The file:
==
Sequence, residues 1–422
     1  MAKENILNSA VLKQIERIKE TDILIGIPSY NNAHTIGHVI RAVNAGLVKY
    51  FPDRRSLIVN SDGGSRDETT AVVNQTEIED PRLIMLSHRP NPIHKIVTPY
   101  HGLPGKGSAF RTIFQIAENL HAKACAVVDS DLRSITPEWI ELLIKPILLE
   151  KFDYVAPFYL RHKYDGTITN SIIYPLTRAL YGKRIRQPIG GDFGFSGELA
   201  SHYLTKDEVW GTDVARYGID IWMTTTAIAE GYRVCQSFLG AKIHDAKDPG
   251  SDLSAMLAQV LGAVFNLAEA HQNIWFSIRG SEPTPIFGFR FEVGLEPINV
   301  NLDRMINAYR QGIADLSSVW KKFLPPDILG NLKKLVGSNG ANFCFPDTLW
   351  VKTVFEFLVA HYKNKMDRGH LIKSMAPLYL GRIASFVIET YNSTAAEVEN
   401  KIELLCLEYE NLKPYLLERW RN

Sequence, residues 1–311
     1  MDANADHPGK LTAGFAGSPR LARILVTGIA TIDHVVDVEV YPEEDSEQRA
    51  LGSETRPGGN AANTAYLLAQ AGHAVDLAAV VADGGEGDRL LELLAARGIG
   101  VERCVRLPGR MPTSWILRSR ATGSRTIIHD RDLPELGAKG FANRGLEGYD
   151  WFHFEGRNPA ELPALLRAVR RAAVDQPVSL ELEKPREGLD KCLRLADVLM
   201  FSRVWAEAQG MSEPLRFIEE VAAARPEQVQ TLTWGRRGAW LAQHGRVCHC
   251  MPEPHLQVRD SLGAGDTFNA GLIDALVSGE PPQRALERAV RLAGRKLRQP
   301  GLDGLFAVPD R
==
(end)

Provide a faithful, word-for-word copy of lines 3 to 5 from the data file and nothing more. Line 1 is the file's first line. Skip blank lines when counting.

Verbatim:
    51  FPDRRSLIVN SDGGSRDETT AVVNQTEIED PRLIMLSHRP NPIHKIVTPY
   101  HGLPGKGSAF RTIFQIAENL HAKACAVVDS DLRSITPEWI ELLIKPILLE
   151  KFDYVAPFYL RHKYDGTITN SIIYPLTRAL YGKRIRQPIG GDFGFSGELA